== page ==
Title: The Selection
Author: Kiera Cass
Format: Hardcover, 327 pages
Publisher: April 24th 2012 by HarperTeen
Series: Book 1 in The Selection series
For thirty-five girls, the Selection is the chance of a lifetime. The opportunity to escape the life laid out for them since birth. To be swept up in a world of glittering gowns and priceless jewels. To live in the palace and compete for the heart of the gorgeous Prince Maxon.
But for America Singer, being Selected is a nightmare. It means turning her back on her secret love with Aspen, who is a caste below her. Leaving her home to enter a fierce competition for a crown she doesn’t want. Living in a palace that is constantly threatened by violent rebel attacks.
Then America meets Prince Maxon. Gradually, she starts to question all the plans she’s made for herself- and realizes that the life she’s always dreamed of may not compare to a future she never imagined.
If you love The Bachelor, you will probably like this book: it’s The Bachelor set in the future. After the fourth World War, the United States became Illéa, where everything comes down to the caste system. Based on what your ancestors were proficient at (singing, cooking, painting, farming, etc.), they were assigned a caste, to which you were born into. The prince of Illéa can’t get out to meet women, so the kingdom holds a Selection. 35 women live in the castle with the royal family while the prince whittles the group down to his one true love. Then he gives out the final rose… no wait, that’s not it. Sorry, I was thinking about something else.
I enjoyed America’s character, she was nice and funny and kind. She was a Five, just about smack dab in the middle of the caste system, but she didn’t care too much about the system and didn’t feel the need to treat anybody any different. She cared about her family, especially her little sister, and did what she could to help them. She started off a touch on the weak side, but her character grew and became stronger, which was nice to watch. Her parents weren’t very full characters, but they didn’t play a very large part. I questioned her mother’s obsession with getting America in the Selection, but I guess she saw that as a way out of their relative poverty. Prince Maxon was a sweetheart. At first, America thought he was a snob who was too full of himself to find his own mate, but of course, she soon learned that he was trapped in a an unfortunate situation so had to resort to the Selection to find someone he could love. I thought he was sweet and patient and funny. We don’t learn as much about Aspen as I would have liked, which made it difficult for me to care too much about him.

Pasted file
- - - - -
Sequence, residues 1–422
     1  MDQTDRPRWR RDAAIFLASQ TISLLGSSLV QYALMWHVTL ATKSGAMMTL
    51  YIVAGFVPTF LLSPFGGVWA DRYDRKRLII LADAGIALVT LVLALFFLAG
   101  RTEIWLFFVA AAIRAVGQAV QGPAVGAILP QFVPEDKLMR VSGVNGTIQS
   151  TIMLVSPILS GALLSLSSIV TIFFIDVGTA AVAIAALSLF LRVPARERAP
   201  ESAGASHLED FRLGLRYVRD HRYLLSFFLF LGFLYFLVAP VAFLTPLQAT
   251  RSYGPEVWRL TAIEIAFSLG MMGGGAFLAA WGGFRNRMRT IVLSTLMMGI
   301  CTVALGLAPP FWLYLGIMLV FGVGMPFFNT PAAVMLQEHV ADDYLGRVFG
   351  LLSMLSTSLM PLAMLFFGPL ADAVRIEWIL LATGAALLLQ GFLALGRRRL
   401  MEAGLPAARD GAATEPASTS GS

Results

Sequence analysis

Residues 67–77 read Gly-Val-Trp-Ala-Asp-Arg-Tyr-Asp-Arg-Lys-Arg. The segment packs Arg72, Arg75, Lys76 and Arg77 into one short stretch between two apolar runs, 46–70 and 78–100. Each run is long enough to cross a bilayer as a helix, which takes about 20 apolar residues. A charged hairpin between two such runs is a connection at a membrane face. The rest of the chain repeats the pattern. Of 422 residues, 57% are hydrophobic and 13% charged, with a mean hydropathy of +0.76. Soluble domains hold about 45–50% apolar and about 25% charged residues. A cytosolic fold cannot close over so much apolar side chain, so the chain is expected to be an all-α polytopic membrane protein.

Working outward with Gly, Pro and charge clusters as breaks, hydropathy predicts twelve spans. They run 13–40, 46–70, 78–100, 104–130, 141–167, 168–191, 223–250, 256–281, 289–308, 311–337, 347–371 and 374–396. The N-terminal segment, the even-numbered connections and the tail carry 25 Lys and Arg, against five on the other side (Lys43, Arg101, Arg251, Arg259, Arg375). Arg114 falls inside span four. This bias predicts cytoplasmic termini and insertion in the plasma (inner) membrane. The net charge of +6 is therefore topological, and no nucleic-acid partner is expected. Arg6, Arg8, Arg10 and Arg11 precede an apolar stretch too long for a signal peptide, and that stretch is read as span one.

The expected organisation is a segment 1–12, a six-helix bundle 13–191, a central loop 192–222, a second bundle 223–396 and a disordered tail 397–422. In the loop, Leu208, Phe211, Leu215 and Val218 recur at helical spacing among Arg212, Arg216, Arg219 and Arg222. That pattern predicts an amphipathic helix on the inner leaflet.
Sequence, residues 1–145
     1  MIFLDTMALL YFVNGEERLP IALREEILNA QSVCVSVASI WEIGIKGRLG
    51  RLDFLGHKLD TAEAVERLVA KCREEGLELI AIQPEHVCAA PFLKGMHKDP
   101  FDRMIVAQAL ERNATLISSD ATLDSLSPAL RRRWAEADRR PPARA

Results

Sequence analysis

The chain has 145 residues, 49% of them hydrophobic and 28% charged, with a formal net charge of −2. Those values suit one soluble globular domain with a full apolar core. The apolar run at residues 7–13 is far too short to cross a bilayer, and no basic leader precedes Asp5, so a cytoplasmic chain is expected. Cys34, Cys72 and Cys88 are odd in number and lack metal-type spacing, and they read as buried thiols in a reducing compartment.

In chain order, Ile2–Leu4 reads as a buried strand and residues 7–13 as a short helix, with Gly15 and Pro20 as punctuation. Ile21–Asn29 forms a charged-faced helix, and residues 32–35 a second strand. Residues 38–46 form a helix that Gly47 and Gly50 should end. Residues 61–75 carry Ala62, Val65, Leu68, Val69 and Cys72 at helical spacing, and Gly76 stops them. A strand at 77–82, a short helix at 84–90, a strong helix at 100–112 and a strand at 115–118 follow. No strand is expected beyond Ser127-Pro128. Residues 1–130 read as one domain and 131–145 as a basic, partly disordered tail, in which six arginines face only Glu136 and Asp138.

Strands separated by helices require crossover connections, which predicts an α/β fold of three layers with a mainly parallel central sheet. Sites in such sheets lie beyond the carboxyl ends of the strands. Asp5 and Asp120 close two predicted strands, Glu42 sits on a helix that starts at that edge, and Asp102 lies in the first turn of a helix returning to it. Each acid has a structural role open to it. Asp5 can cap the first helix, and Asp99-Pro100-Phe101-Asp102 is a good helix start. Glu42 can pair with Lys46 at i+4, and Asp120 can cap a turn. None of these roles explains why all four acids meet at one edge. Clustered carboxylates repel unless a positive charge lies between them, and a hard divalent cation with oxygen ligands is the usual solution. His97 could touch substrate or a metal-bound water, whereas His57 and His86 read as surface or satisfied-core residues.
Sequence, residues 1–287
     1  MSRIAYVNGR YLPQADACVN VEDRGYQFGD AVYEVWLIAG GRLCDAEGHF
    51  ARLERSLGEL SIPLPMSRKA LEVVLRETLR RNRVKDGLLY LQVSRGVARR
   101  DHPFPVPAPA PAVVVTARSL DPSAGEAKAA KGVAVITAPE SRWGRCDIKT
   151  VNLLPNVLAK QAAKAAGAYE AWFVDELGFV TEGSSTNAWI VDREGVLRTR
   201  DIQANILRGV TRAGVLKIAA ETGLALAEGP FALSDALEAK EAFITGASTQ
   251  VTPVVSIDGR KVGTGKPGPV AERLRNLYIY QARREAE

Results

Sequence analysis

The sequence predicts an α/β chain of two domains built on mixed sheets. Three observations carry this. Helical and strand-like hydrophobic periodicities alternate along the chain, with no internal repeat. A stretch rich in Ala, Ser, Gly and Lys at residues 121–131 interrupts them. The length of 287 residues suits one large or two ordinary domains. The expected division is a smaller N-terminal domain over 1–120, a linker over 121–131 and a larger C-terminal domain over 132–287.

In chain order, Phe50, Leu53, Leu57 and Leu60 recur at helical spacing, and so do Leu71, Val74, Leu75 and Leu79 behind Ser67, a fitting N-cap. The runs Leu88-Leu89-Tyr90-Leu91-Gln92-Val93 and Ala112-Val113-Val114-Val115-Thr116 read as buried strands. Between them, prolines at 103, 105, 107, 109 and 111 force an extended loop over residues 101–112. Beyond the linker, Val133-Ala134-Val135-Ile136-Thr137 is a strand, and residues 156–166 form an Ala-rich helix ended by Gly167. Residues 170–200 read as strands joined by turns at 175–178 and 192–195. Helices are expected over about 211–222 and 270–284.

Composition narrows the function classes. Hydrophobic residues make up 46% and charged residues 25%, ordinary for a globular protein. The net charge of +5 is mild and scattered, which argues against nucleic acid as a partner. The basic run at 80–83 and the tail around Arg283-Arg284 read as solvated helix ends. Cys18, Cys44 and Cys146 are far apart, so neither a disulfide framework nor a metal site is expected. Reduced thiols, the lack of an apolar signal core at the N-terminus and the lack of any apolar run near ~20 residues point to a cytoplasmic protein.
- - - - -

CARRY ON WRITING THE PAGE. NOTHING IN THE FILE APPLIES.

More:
The other girls mostly remained one-dimensional, though America was able to get to know a few of them a little more than the others. There were the requisite clichés: the backstabbing bitch, the shy and sweet one, the loud gossip… We even learned a bit about her maids (each Selected girl was given 3!).
The dialogue included some new terms: we had to figure out the caste system, some unusual names (America, Aspen, Marlee, Gavril, Kota etc.) and the made up wars and countries. Nothing too difficult to get, however. There was a smattering of sexy hotness, but in a world where premarital sex is against the law, it was of the chaste variety. There were several moments of sweetness that just made me smile. I really liked how Maxon and America started off as real friends, with no flirting or conniving. Their relationship was honest and gradual, which I enjoyed.
The ending was a letdown. I understand the point of a cliffhanger, but this one didn’t sit well with me. I can’t say much without spoiling the ending, but I was really disappointed with it.
I’m curious to see how this plays out in the television show, and I must say, although I’m on Team Maxon, I’m very excited about William Moseley playing Aspen. I adore him and his floppy hair.
This book is pure fluff, no doubt about it, but it’s also fun and entertaining.